We explored the Radcliffe Camera, which neo-classical design was constructed in the 18th century, and holds the Radcliffe Science Library.


Unfortunately, since it was the week of exams, we weren’t able to explore inside some of the campuses more in depth.


Apart from the Gothic chapels and ancient cloisters, we were impressed with the gardens.


Adding some needed color to the infamous overcast city.


However, we were also treated to a series of uncharacteristically sunny days.


There was a semi-elusive bus that brought us into town. Due to it’s unreliability, most of the time, we opted to walk.


On a particularly nice day, we followed a further path down the River Thames.


The manicured pathway was quite idyllic.


Although we enjoyed exploring downtown Oxford, one of the major perks of staying outside of the city was the easy access to nature.


We were really comfortable in Oxford and made a home in our neighborhood.


Most nights, we’d pick up an easy dinner from the nearby Waitrose or Tesco. The prepared food section blew us away. It’s an entire market that has yet to reach the States.


I was also battling a pesky cough for the past month. We decided it was finally time to see a doctor before our English road trip.


Our airbnb host recommended his doctor, which proved to be such a foreign experience. It was a bit of a trek on foot, so if nothing else, we were able to explore some more of the surrounding neighborhoods.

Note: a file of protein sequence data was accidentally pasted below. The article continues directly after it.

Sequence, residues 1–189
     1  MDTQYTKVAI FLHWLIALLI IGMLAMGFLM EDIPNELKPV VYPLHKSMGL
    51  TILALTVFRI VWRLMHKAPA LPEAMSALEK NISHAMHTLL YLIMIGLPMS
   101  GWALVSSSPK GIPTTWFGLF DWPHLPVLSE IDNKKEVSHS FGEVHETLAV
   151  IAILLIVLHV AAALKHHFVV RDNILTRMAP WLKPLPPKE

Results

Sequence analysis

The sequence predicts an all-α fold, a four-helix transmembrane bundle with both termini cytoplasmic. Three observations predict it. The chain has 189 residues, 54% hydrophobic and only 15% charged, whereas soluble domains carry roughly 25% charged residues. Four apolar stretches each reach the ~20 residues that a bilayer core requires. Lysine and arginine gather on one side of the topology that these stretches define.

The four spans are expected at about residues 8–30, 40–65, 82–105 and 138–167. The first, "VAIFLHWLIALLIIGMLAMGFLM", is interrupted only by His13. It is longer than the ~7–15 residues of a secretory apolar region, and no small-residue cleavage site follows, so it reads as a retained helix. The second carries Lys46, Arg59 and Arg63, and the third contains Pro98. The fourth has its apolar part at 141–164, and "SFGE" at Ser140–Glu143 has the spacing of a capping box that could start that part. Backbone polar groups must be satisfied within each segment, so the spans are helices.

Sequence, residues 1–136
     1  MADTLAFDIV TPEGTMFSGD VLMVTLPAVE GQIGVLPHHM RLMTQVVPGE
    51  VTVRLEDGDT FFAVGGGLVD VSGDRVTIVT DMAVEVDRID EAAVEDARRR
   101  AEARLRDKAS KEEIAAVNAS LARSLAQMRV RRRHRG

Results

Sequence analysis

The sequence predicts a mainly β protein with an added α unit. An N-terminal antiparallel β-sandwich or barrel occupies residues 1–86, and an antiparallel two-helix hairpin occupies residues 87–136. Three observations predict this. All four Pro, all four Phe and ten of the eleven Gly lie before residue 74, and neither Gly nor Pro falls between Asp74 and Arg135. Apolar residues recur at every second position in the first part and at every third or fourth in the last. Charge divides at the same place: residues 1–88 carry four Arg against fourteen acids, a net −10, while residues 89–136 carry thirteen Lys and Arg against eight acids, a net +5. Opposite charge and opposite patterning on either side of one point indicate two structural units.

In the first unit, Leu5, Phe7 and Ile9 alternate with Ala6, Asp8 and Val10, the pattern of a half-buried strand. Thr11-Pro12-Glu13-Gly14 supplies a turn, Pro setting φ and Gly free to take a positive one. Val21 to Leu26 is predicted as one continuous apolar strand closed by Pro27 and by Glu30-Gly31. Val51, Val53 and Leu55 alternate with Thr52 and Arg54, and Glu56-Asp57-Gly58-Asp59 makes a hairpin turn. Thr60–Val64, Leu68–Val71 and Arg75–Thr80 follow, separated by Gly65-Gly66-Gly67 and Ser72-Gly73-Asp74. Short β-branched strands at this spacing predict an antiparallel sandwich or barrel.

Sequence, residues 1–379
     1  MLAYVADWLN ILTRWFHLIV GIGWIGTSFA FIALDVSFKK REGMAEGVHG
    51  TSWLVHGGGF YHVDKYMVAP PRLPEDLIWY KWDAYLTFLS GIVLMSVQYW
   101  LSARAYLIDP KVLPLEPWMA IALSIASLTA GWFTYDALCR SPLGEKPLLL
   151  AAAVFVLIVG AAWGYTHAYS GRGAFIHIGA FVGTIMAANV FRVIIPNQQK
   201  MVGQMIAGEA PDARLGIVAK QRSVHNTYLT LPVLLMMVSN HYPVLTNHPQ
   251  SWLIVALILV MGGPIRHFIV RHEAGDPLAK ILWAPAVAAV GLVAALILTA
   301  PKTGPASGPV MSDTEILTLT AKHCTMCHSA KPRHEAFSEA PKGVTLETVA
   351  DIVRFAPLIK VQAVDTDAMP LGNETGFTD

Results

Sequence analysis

After a couple of visits since we didn’t have a reliable call-back number, we finally saw a nurse practitioner. When the visit concluded, I went to checkout, and there was no fee. I had a back and forth with the receptionist about my co-pay, but she legitimately didn’t know what I was referring to. As Will and I walked out without paying for the consult, he noted that he felt that we were stealing, getting away with robbery (thanks English taxpayers!)


But nope, that’s socialized medicine for ya! If more Americans experienced a similar situation abroad, the sentiment around health care in the States would be much different.


Since we didn’t have a set agenda, we spent our time finding local gems, such as the Oxford Covered Market.


With over 50 traders, some of the stalls were a bit quirky. Certainly an array of goods.


When the weather was favorable, we spent entire days outside.


Since pricing was more expensive in England, as to be expected, we typically packed a picnic lunch.


When it did predictably start to rain, we’d pop into secondhand shops or bookstores. Although a chain, we spent hours in Waterstones.


And my obsession the The Great British Baking Show continued.


On our last full day in Oxford, Simone came to meet us, given that she went to university in Oxford. She explained that Oxford changed drastically since she was a student. A prime example was the new, modern Westgate Mall which provided a great panoramic view of the city. .


As a change up, we grabbed lunch at Sticks n Sushi on the rooftop of Westgate. We all ordered the bento box lunch special.


Will’s parents met us late afternoon, and it was heartwarming just to see them. We took a nice walk in The Oxford University Parks, before it started raining.


So we stopped in The Grapes right of George Street to dry off.


The historic pub dates back to 1820, and it had such a cozy feel, we stayed for a couple of rounds. It was a fantastic of merging of worlds, and meant so much that everyone came out.


Especially Will’s parents. We’ve been talking about a road trip in the English countryside for a while.


Our last evening in Oxford got us excited for all of the charming pubs, unexpected nature walks, and hidden gems that we had yet to discover.